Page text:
When bubbles burst, some win, some lose
When a housing bubble bursts, two things separate
winners from losers: timing and the debt level.
Timing matters because the losers are those who end
up selling their homes after values fall and before prices rebound. The
winners wait longer and keep their homes until values recover. Whether
they feel like winners is another matter: Some people end up financially
trapped in their homes, wishing they could move, but unable to afford
for the debt level: that's a plain-spoken way of referring to the debt-to-equity
ratio. The higher that ratio, the deeper the trouble you can get into. It's safer
to borrow 75 percent of the purchase price ($150,000 for a $200,000 house) than
to borrow 90 percent ($180,000 for a $200,000 house).
The surest protection from a housing bubble is to buy a home
while prices are rising, long before the bubble bursts (in other words, to have
good timing), and to make a substantial down payment and avoid borrowing against
equity (so you don't go too deeply into debt compared to the home's price). In
such a case the home often can be sold for a gain, even after values collapse,
because the rise was bigger than the fall.
Timing is partly out of your control because you can't
dictate when prices collapse. Timing is partly under your control, though,
because you can elect not to buy a house, if you think you would own it
for only a couple of years.
While timing isn't fully under your control, you can manage
your indebtedness. Imagine debt as water that's flooding your neighborhood.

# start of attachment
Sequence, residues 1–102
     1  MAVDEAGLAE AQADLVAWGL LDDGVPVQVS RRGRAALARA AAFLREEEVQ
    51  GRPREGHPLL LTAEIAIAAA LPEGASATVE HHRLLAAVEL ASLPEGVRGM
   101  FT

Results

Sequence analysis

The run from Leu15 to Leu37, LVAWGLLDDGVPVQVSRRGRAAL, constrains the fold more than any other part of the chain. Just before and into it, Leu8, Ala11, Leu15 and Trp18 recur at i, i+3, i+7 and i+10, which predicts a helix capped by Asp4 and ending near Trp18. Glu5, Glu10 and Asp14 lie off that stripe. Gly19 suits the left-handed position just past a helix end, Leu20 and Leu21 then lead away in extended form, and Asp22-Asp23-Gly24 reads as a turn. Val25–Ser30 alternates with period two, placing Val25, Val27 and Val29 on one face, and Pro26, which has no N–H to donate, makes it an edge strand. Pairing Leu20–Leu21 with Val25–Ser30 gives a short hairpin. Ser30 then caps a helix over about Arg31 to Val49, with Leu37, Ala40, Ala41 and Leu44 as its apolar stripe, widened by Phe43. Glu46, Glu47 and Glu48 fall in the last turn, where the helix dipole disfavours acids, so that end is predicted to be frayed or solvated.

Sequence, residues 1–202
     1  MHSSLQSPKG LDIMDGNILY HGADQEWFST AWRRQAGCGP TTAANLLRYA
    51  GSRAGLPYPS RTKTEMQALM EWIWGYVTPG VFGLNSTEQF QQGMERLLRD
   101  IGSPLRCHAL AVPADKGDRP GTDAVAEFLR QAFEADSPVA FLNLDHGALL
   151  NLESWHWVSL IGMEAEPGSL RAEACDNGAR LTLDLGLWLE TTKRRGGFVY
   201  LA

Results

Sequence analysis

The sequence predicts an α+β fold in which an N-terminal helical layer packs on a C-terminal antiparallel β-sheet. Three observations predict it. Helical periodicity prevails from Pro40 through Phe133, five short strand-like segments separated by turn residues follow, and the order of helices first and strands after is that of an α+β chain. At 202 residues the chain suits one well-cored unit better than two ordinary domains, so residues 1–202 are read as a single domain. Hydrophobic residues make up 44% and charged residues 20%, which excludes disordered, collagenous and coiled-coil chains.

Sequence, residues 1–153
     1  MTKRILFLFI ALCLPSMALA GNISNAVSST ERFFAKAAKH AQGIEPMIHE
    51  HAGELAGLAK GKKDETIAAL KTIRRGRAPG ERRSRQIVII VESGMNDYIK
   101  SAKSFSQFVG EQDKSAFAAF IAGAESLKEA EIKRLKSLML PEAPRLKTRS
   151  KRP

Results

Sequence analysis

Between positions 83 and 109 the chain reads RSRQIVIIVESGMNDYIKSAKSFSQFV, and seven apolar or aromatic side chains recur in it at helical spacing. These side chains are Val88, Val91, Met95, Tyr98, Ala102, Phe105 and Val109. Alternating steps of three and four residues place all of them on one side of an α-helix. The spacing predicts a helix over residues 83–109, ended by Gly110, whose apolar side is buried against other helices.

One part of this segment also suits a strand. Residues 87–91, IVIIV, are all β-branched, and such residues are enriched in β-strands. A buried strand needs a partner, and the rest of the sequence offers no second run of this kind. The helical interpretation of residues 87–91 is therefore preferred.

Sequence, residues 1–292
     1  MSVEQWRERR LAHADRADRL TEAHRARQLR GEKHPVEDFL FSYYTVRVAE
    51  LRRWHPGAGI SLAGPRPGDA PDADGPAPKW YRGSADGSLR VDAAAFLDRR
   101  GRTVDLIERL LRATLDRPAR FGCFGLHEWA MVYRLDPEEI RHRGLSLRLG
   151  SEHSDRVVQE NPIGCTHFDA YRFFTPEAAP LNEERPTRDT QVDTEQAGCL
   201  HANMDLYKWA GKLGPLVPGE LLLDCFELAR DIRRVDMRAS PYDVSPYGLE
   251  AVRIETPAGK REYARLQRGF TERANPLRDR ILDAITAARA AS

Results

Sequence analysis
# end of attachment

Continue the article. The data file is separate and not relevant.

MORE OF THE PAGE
If you make a 20-percent down payment when you buy the house, the water
is just below the eaves. In case of emergency, you can scramble onto the
roof. But then you get a home equity loan worth another 10 percent of
the purchase price. Now only the top of the roof is above the water. In
an emergency you'll sit on the roof's peak as water laps at your toes.
The hard way
Now imagine the house sinking into the ground. That's a metaphor for a
drop in the home's value. Let's say the value drops 20 percent below the
purchase price. The entire house is underwater -- even the top of the
roof where you had been sitting. You owe more than the house is worth.
You'll have to tread water until the value rises again or you can pay
down some of the debt. If you're forced to sell the house while it's underwater,
the buyer will give you less than you owe the bank. You'll have to find
the money somewhere or else suffer a big hit to your credit record.
One way to avoid the pain of a burst housing bubble is
to make a substantial down payment. If you put 20 percent down and the
value has dropped 10 percent by the time you sell it, you'll sell the
house at a loss. Bad luck, but your out-of-pocket expense, even after
paying a real-estate commission, will be minimal or nonexistent. In fact,
you might end up with a few bucks in cash after you sell the house, retire
the mortgage and pay commissions. (This is assuming that you don't take
out a home equity loan.)
On the other hand, if you put 5 percent down and have to
sell the home after it has lost 10 percent of its original value, you'll
have to come up with cash to satisfy the mortgage and pay any real-estate
commissions. Failure to pay off the mortgage in full could result in a
messed-up credit record for years.